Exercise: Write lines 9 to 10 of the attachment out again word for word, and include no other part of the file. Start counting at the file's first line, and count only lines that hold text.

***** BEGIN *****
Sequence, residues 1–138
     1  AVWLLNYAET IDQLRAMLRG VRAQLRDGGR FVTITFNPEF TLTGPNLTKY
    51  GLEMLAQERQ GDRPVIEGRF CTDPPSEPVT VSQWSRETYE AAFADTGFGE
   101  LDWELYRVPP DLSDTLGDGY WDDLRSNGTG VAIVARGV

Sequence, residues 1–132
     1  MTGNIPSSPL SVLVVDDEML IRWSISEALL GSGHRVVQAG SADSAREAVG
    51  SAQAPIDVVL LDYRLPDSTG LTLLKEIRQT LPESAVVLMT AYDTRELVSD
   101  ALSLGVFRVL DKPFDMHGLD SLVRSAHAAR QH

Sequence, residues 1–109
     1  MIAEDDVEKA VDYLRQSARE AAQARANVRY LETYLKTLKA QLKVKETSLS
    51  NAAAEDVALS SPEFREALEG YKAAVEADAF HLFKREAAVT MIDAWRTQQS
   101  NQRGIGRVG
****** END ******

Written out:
Sequence, residues 1–109
     1  MIAEDDVEKA VDYLRQSARE AAQARANVRY LETYLKTLKA QLKVKETSLS